“Throw your best pitch:” We’re limiting the number of pitches to three per person, so please pitch for the session(s) where you really feel you’ll offer SMX attendees your best.
NEW: SMX Insights Sessions. What are they? 8-10 minute solo sessions that pack a punch and wow attendees with content they can’t and won’t see anywhere else. Tactical. Specific. Actionable. Speakers are challenged to deliver the goods in a limited amount of time: one must-try tactic, one nugget of sage advice, or one takeaway that makes you more productive. Have a gem to share with your colleagues? Pitch your idea and you may make it to the SMX stage!
You’ll be notified: Everyone who pitches to speak will be notified by email whether you are accepted or not.
And don’t delay—the pitch forms for each session will close as sessions are filled, with everything closing Friday, November 29.
We have a special video interview for you all at Search Engine Land. We interviewed Danny Sullivan, the founder of Search Engine Land and the search community, in a two-part series.
In part one, we asked Danny about his early days in the industry to him ultimately deciding to retire from his role at Search Engine Land / Third Door Media. Then accepting a job a few months later to work with the Google Search team as the Google Public Liaison of Search.
Part two is more about what it is like to work at Google and how he sees things differently as a Googler than when he was working on search from outside of Google.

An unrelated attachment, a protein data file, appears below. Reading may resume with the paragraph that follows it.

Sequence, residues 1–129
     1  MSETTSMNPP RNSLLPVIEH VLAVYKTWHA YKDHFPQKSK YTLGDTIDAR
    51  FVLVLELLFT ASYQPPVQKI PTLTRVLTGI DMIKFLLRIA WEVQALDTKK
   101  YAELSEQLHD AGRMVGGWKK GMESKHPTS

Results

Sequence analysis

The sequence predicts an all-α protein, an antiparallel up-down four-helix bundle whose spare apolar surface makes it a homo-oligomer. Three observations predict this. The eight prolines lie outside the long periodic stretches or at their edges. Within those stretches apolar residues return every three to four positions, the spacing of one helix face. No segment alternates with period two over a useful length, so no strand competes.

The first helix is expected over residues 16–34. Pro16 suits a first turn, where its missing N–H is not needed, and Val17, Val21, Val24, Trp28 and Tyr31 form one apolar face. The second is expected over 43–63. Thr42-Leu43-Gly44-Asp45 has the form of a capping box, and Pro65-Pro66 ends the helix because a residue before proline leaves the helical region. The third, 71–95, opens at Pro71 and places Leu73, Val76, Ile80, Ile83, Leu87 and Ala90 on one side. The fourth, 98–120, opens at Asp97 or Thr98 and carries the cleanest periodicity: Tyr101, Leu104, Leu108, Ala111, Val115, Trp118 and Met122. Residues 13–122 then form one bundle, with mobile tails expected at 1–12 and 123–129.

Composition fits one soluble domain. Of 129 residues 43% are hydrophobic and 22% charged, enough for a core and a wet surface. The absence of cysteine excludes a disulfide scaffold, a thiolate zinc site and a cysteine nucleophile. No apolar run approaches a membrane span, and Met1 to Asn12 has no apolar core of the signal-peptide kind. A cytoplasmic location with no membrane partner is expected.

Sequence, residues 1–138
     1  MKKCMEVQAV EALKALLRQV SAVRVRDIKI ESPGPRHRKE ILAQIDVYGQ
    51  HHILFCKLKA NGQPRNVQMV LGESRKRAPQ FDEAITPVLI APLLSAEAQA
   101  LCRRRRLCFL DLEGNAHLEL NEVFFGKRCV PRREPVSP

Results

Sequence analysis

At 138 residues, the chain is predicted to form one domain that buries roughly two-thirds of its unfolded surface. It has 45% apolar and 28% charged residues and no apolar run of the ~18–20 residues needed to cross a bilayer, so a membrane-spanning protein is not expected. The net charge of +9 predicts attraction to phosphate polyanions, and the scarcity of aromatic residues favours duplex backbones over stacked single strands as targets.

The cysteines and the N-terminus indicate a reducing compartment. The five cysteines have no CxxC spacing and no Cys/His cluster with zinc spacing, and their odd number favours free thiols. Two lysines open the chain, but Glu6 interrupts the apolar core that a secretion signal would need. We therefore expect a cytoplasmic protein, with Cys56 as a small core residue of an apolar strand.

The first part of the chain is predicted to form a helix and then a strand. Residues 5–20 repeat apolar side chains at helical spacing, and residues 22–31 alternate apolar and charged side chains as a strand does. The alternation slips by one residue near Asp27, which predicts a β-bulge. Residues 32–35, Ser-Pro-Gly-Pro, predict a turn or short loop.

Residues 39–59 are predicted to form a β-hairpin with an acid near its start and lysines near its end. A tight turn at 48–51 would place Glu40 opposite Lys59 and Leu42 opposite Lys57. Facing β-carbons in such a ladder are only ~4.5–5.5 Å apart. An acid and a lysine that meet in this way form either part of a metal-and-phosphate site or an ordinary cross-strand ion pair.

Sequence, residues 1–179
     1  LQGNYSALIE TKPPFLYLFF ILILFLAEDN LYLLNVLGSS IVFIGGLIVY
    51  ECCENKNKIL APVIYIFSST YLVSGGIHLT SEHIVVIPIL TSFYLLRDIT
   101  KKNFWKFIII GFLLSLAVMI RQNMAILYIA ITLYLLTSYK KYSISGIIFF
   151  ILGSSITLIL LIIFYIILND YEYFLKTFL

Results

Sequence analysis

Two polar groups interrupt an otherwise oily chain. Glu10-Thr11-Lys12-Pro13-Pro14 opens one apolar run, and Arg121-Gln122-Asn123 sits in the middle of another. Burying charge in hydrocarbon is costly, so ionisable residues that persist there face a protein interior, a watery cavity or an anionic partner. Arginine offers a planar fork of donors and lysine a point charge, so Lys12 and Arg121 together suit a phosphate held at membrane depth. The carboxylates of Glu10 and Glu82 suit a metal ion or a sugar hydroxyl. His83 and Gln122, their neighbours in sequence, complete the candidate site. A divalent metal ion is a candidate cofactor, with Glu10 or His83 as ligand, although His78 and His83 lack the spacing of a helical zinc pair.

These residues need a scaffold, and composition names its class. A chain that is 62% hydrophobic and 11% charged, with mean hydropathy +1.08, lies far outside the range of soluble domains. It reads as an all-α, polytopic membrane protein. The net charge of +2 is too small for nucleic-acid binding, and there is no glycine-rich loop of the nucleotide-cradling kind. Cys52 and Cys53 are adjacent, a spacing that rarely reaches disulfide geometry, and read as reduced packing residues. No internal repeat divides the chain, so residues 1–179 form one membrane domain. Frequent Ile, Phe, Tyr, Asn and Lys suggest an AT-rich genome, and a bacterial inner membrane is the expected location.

Here is part one:
I started this vlog series recently, and if you want to sign up to be interviewed, you can fill out this form on Search Engine Roundtable. You can also subscribe to my YouTube channel by clicking here.
About The Author
Barry Schwartz is Search Engine Land’s News Editor and owns RustyBrick, a NY based web consulting firm. He also runs Search Engine Roundtable, a popular search blog on SEM topics.
Yes, the editing pane is still awkwardly placed to take up a giant chunk of the right side of the screen, but Google Ads Editor’s latest version does offer some handy updates.
Edit pane. Speaking of that edit pane, now you can at least condense some fields to hide them so there’s a bit less scrolling. (That doesn’t mean irrelevant sections no longer show, however. You’re still going to have to scroll past a grayed-out “Shopping settings” when you’re in a Search campaign, for example.)
Shared negative keyword lists. If you’ve built out broadly applicable negative keyword lists, you can now share those across accounts in the Shared Library in Editor. (Shared Library is located under “Account-level” in the left navigation pane.)
Search for errors. You can search for similar errors across your campaigns or accounts. In the search bar, type “rule” or “violation” and you’ll see a list of options. Similarly, when you find an error or warning, you can click on the “Show violations” link at the bottom of the screen to see them all.
New campaign support. If you are running App campaigns for engagement or have access to Discovery campaigns in beta, you can now create and edit them in Editor.
Why we should care. These changes are relatively minor, but may save you some campaign management time, particularly if you’re using the newly supported campaign types. It’s also a pretty good sign that the Discovery campaigns beta is coming along. At the very least, it’s a good reminder to check how and if you’ve applied your negative keyword lists.
About The Author
Ginny Marvin is Third Door Media’s Editor-in-Chief, running the day to day editorial operations across all publications and overseeing paid media coverage. Ginny Marvin writes about paid digital advertising and analytics news and trends for Search Engine Land, Marketing Land and MarTech Today. With more than 15 years of marketing experience, Ginny has held both in-house and agency management positions. She can be found on Twitter as @ginnymarvin.